AN ORIGINAL PODCAST FOR TEACHERS, STUDENTS AND OTHER CURIOUS PEOPLE
In this episode, I sat down with Donna Gee (IB Design Technology Teacher) and Michael Stewart (IB Psychology and TOK Teacher) to unpack and wrestle with 2023 TOK Essay Title 1: Is replicability necessary in the production of knowledge? Discuss with reference to two areas of knowledge.
We had a rich discussion which I hope you’ll find insightful into the role and relevance of replicability in different Areas of Knowledge.
In this episode, I talked to Ian Galley (IBDP English Language & Literature) Nicole Mamphey (Science and Applied Ethics) about TOK Essay Title 3: Does it matter if our acquisition of knowledge happens in “bubbles” where some information and voices are excluded? Discuss with reference to two areas of knowledge.
We had a rich discussion about “bubbles'' as they exist in social media networks and internet platforms as well as within academia, algorithms, and how this contributes to, enhances and distorts our bubbles. We also discussed many of the real world consequences (why it matters!) that what we’re learning may occur in these bubbles.
We discussed relevant ideas including retracted findings of psychology and vaccination studies, bubbles in comedy and how it fits with the Benign Violation Theory, perspectives and the Soldier vs. Scout Mindset by Julia Galef, Spiral of Silence Theory and the social tendency to reinforce bubbles and silences descending voices, and the Metaverse. We discuss the difference between a community and a bubble: which one is more open to other ideas? How do they overlap?
We unpack and explore: Does it matter (to who? for what?) Does it matter to our acquisition of knowledge? Does it matter to the voices that are excluded? We challenge the notion that science is objective, and discuss how even in the sciences we want to reinforce what fits our own perspective and beliefs. We also begin to discuss voices that are excluded: silenced voices - why this matters!
In this episode, I sat down with DP Design Teacher Donna Gee and DP Global Politics Teacher Bill Kyzner to discuss TOK Exhibition Prompt 5: What counts as good evidence for a claim? It really got me thinking about the significance of this question in my own personal knowledge about myself and the world, but also in a bigger sense about claims being made in today’s very heated political world. We stayed focused in this talk about evidence and claims within Design and Global Politics, but I cannot stop thinking about how perspectives play a very significant role in just how much evidence is enough to be “good” enough, and the implications this has on all kinds of knowledge communities. There really is so much more to be said about this prompt. I’m gearing up to do a reflection episode, so if you have comments or things you’d like to add, please send me a message via the contact page at www.TOKTalk.org.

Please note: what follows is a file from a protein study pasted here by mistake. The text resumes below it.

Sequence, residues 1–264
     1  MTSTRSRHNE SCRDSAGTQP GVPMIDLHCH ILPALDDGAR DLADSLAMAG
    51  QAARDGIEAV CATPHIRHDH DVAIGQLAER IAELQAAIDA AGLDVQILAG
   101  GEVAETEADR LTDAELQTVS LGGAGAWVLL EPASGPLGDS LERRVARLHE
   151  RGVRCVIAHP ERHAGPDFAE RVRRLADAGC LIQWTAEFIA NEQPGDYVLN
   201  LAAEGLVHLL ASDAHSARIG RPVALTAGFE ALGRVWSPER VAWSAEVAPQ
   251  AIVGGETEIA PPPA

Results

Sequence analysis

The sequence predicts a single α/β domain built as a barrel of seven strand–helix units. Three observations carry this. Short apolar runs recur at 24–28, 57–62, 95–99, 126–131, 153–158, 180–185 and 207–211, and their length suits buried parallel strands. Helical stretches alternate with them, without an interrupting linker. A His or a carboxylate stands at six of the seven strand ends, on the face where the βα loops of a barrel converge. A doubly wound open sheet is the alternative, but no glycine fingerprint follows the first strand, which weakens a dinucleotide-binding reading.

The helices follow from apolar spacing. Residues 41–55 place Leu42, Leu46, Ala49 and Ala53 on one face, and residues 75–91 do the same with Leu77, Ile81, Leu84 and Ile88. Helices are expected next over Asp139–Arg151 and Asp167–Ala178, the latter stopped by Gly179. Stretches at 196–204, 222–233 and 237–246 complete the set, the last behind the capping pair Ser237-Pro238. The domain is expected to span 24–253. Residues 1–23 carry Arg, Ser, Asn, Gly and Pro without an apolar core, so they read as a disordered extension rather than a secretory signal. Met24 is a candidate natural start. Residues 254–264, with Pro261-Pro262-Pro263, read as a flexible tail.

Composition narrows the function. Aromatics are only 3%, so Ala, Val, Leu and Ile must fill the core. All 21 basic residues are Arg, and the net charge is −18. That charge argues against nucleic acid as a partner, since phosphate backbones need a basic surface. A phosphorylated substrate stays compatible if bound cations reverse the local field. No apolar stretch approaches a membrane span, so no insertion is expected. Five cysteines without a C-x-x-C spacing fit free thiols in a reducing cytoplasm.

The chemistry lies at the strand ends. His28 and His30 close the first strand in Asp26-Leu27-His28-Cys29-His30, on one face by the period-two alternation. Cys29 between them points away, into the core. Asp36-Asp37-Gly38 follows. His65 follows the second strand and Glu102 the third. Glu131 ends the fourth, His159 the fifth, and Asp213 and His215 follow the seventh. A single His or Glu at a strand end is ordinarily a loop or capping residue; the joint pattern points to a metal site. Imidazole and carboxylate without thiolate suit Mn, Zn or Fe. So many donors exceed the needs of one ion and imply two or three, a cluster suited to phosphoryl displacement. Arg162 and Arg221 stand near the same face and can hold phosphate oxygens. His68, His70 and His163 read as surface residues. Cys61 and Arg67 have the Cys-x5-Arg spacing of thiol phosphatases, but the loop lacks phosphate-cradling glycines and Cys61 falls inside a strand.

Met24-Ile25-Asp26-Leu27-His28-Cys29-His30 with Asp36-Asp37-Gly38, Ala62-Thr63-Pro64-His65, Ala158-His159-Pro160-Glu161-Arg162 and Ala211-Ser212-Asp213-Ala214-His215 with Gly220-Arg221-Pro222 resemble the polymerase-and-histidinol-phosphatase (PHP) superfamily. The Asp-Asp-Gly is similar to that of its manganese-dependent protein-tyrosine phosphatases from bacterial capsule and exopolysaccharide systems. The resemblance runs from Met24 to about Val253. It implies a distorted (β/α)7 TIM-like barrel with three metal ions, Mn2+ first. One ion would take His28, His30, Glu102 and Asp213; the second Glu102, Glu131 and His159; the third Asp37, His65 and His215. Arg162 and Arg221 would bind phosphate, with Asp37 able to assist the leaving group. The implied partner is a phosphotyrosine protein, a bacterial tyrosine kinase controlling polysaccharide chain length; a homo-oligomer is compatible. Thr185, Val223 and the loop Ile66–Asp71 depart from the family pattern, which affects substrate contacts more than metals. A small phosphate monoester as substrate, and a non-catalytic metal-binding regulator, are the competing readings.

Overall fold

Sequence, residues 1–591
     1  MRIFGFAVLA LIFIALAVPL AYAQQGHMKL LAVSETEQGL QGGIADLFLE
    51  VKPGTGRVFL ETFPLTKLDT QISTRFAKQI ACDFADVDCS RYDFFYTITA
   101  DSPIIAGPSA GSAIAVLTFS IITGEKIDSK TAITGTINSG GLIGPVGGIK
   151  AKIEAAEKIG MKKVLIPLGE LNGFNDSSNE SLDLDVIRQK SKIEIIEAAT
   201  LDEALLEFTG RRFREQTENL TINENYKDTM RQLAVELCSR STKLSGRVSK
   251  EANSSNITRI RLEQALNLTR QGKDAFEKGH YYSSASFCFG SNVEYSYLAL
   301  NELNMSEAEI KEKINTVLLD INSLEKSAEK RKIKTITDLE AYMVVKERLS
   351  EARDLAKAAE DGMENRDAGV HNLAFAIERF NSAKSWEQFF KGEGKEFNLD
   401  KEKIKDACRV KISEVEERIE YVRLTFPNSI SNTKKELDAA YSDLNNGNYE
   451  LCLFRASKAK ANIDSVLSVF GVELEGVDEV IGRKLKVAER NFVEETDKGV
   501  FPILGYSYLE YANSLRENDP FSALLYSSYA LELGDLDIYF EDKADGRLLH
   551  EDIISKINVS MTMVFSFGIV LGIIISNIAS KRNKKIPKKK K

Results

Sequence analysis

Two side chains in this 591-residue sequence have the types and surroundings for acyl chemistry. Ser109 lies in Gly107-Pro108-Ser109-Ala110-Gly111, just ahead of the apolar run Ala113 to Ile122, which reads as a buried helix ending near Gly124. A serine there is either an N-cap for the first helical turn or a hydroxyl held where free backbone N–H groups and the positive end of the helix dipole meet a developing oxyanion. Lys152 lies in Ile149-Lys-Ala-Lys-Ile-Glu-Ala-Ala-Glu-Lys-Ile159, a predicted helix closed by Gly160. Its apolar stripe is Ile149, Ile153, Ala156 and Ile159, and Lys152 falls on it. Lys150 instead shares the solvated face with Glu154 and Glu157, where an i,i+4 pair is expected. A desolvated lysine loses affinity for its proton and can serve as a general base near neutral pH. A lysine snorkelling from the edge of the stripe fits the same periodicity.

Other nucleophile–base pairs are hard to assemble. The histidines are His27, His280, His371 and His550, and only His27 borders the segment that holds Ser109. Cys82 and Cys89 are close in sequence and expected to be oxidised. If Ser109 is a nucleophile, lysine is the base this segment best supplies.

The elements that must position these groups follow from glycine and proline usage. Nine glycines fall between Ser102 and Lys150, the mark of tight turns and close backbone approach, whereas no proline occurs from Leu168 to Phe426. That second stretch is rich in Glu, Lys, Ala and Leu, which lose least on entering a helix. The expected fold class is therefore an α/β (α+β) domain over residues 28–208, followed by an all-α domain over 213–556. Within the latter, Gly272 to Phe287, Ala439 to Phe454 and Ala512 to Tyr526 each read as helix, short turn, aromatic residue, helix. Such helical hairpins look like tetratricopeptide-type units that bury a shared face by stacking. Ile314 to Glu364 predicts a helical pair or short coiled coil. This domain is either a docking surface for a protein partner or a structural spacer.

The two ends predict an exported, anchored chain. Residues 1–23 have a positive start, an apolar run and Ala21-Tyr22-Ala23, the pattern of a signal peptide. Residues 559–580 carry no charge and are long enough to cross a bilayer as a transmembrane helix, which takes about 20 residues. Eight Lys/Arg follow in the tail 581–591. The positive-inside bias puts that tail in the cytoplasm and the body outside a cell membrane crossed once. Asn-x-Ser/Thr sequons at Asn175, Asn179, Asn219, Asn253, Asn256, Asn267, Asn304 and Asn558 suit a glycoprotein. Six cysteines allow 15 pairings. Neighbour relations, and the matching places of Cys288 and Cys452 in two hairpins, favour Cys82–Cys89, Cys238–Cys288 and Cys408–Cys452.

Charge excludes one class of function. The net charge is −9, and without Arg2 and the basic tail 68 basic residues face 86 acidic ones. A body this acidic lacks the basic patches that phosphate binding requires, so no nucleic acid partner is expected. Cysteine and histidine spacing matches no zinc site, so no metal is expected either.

And thank you thank you thank you to Bernard Wun for his lovely guitar licks on this track!
Do good explanations have to be true?
Today’s topic is a previous TOK Essay title: “Do good explanations have to be true?” To help me explore this question, I am joined by four fellow IB & TOK Teachers: Mr. Bill Kyzner representing Political Science, Mr. Francis Wynne, representing the Classics, including Latin Language & Greek Mythology, Mr. Jordan West-Pratt representing Natural Sciences, and today I’ll be representing the Arts.
Questions we discuss in relation to Natural Sciences, Political Science, Classics and the Arts:
Three things that stand out to me after this conversation:
Finally, I still am left wondering about the relationship of truth to the goodness of an explanation, and how that might differ depending on the audience of the explanation - who is the explanation for? what is its’ purpose? and does that determine what makes it good rather than its truth quality? There’s still much to be considered here. A title like this one seems so simple, and yet so complex once we start to unpack it.
No matter if you’re a TOK student, teacher or knowledge enthusiast, I hope that our discussion got you thinking about the relationship of good explanations and truth in your areas of interest or expertise. Tune in again next time for the next episode of TOK Talk.
Thank you to the random street performer in Shanghai for the intro and outro music.
Today we delve into the world of Statistics, and unpack how it can be a tool that can both reveal and conceal. To help me with this complicated question, I’ve asked some well-informed people to help me unpack this year’s TOK Essay Title 4: “Statistics conceal as much as they reveal”
Here with me today are Ms. Zehra Baig, Statistics teacher, Mr. Martin Brown, Mathematics teacher and Ms. Virginia Voigt, Psychology teacher. We discuss:
Music Credit: The Plastic Daizi Collective, 2015